Deutsche Bank whistleblower rejects $8.25mn award, blasts SEC for not going after execs

© Ralph Orlowski
A former Deutsche Bank risk officer has refused his share of a $16.5 million award from the Securities and Exchange Commission (SEC) for reporting misdeeds. Eric Ben-Artzi accuses the SEC of not going after executives, but hitting lower-ranked employees.

Ben-Artzi was one of the three whistleblowers to report an improper accounting at Deutsche in 2010 and 2011. The bank was fined $55 million in total, of which Ben-Artzi was due a 15 percent share of the fine – or half of the 30 percent allocated to the whistleblowers - which he is refusing to take.

According to the whistleblower, the fine should be paid by certain executives, not by shareholders.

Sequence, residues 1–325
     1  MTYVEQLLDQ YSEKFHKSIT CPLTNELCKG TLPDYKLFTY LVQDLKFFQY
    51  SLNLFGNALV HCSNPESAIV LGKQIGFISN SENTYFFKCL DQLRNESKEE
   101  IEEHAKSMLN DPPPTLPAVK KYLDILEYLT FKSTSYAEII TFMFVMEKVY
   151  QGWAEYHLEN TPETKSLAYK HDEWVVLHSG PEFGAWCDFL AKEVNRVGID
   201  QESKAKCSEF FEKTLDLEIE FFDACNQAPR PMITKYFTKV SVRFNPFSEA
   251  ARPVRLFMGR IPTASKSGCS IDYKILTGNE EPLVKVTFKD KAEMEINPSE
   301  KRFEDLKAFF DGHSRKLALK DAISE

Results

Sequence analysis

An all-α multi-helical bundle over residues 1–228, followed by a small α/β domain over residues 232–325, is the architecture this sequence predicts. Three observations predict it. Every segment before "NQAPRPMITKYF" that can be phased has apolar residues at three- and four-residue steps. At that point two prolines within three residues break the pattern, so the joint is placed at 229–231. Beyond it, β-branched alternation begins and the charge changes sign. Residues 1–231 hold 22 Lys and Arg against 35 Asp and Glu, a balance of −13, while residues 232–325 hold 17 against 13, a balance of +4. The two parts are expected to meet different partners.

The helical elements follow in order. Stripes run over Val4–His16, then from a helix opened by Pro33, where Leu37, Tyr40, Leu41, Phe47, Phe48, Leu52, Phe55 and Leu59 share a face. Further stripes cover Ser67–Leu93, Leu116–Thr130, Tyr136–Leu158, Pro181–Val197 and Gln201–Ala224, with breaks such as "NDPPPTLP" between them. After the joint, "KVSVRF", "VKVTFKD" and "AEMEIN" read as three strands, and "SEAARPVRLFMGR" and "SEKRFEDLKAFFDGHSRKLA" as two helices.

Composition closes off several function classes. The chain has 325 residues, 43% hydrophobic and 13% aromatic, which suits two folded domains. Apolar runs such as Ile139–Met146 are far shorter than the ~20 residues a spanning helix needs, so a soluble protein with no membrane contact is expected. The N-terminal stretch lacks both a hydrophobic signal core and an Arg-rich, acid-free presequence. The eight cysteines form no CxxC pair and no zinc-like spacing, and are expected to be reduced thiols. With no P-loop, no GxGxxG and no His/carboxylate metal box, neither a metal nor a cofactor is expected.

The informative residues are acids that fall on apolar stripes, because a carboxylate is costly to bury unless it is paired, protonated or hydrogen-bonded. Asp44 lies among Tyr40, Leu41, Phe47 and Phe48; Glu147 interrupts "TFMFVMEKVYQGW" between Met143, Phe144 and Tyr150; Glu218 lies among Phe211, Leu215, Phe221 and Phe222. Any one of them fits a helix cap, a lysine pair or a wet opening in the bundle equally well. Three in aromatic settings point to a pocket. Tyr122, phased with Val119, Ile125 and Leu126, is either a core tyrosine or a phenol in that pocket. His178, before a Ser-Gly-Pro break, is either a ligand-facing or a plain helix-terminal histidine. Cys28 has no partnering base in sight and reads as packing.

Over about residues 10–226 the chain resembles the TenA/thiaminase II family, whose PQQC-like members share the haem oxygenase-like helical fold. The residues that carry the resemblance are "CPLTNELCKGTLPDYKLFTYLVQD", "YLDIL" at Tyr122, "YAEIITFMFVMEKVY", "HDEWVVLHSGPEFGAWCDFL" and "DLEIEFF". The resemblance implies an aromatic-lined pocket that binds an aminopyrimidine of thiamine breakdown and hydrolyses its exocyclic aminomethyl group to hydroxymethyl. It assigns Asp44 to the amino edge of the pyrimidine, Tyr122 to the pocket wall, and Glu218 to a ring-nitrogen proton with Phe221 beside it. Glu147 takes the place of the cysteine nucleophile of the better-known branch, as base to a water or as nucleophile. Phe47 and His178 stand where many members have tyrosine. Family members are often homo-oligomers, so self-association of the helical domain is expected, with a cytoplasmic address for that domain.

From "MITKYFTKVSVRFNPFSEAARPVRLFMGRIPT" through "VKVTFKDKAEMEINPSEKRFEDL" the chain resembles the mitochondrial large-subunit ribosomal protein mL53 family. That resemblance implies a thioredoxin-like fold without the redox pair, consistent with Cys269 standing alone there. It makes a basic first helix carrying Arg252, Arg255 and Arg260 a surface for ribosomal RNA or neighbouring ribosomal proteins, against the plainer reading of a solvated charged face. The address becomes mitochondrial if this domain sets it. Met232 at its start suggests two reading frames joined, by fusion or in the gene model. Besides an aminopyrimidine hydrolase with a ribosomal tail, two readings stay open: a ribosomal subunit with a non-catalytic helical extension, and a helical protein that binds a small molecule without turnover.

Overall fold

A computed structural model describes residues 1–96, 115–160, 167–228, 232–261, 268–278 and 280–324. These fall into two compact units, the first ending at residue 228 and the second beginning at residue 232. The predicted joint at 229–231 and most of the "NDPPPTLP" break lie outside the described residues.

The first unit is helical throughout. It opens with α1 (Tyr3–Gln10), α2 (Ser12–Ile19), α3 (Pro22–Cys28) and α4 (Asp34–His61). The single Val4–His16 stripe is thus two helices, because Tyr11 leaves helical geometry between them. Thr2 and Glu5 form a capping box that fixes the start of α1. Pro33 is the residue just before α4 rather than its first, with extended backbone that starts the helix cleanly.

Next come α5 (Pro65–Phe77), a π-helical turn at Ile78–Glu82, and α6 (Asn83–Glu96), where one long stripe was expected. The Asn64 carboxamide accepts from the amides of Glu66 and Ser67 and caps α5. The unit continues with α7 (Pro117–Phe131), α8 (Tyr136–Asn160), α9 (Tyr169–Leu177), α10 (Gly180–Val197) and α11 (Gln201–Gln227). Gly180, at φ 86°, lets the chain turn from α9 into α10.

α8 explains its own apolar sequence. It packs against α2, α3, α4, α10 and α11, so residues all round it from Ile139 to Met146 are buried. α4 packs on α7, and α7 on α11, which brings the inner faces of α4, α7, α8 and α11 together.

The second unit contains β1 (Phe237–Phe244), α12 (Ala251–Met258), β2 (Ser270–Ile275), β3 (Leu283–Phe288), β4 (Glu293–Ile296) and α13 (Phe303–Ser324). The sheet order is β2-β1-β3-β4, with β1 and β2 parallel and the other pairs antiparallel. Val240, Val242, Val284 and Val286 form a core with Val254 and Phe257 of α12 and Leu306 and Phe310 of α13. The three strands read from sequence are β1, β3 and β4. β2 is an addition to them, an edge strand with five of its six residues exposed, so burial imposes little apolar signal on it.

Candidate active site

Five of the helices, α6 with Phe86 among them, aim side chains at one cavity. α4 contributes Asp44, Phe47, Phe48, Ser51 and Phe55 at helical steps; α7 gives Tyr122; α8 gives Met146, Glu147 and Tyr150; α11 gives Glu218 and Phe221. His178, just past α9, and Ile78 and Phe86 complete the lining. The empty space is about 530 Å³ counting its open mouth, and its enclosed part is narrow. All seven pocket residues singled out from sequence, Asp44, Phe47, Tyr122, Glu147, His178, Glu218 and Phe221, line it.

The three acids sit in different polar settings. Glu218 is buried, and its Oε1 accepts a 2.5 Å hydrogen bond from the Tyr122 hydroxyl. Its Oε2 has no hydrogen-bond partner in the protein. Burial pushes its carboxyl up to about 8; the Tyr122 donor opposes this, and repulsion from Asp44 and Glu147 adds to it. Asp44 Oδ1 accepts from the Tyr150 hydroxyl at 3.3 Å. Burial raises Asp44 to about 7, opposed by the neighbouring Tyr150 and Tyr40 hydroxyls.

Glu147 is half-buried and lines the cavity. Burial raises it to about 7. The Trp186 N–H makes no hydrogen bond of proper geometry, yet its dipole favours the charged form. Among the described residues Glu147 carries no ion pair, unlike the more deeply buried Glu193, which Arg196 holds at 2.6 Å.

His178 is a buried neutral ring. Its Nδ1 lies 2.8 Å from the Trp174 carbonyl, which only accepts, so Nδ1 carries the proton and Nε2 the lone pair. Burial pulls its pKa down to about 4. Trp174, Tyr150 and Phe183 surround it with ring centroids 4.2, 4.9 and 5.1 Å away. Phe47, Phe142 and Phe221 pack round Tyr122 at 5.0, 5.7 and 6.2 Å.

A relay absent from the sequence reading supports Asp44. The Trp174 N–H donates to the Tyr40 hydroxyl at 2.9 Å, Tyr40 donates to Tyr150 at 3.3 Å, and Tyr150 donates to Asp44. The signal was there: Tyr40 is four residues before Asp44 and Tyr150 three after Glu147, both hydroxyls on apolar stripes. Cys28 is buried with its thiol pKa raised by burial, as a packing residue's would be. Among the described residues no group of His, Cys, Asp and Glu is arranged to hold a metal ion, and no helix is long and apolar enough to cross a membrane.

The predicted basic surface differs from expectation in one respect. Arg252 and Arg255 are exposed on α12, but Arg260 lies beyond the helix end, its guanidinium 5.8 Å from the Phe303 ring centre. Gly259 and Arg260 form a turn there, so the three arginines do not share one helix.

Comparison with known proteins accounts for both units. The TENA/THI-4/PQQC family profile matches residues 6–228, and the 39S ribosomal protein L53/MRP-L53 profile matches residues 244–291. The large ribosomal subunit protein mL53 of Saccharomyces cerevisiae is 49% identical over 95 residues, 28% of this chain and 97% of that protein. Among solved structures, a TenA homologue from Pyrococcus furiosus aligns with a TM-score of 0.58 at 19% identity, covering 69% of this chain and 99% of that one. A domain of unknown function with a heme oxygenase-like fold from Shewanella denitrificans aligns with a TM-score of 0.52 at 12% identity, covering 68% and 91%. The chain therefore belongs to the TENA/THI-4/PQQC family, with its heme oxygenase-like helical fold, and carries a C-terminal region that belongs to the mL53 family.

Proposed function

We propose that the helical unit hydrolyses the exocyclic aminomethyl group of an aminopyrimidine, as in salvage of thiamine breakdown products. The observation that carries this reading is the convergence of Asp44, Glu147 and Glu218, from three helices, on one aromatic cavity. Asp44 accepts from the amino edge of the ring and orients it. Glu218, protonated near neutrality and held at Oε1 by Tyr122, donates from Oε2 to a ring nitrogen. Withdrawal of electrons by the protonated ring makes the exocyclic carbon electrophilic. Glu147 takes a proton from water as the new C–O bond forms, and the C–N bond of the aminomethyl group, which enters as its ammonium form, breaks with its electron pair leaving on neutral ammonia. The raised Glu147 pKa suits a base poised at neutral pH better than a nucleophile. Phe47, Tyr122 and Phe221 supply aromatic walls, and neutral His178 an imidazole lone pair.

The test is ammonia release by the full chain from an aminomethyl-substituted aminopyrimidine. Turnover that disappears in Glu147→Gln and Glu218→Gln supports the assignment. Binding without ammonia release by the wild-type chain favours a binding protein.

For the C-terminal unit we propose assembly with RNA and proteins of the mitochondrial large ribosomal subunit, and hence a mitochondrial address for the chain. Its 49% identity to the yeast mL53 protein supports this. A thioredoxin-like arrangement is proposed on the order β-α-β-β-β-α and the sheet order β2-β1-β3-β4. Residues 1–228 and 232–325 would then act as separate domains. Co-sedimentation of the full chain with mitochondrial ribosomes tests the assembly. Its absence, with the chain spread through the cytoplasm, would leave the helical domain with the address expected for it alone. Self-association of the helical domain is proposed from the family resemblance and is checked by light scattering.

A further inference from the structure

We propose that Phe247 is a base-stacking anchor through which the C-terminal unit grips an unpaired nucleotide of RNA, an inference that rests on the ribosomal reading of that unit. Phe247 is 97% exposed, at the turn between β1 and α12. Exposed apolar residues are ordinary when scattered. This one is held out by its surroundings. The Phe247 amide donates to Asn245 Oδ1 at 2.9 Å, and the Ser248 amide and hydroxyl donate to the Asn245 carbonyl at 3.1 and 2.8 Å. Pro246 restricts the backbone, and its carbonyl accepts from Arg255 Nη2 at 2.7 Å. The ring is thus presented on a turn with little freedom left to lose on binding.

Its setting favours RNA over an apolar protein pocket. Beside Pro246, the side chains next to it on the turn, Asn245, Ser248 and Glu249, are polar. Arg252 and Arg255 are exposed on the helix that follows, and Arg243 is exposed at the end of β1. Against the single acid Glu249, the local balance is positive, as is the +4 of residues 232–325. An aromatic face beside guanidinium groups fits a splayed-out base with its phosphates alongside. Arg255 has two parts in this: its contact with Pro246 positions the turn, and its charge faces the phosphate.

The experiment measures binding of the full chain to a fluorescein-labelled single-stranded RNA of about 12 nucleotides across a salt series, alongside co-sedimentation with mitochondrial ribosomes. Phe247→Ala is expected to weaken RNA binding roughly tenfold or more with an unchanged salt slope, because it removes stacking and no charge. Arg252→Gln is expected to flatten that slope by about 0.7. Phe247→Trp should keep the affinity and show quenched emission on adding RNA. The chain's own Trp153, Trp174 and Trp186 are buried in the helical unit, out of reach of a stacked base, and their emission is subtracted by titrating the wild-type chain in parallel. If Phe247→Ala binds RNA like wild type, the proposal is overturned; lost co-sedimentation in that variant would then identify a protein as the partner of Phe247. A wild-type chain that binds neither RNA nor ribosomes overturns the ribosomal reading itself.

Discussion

“But Deutsche did not commit this wrongdoing. Deutsche was the victim. To be precise, the bank's shareholders and its rank-and-file employees who are now losing their jobs in droves are the primary victims,” Ben-Artzi wrote in op-ed for the Financial Times.

“Meanwhile, top executives retired with multimillion-dollar bonuses based on the misrepresentation of the bank's balance sheet. It is therefore especially disappointing that in 2015, after a lengthy investigation helped by multiple whistleblowers, the SEC imposed a fine on Deutsche's shareholders instead of the managers responsible,” he added.

Ben-Artzi says he needs the money more than ever, but doesn’t want to rob people he wanted to protect by reporting the misdoings.

“I request that my share of the award be given to Deutsche and its stakeholders, and the award money clawed back from the bonuses paid to the Deutsche executives, especially the former top SEC attorneys. I would then be happy to collect any award for which I am eligible,” he said.

The whistleblower award was launched by SEC in 2011 to encourage people with insider knowledge to speak about financial crimes. Ben-Artzi is the first person to refuse the award.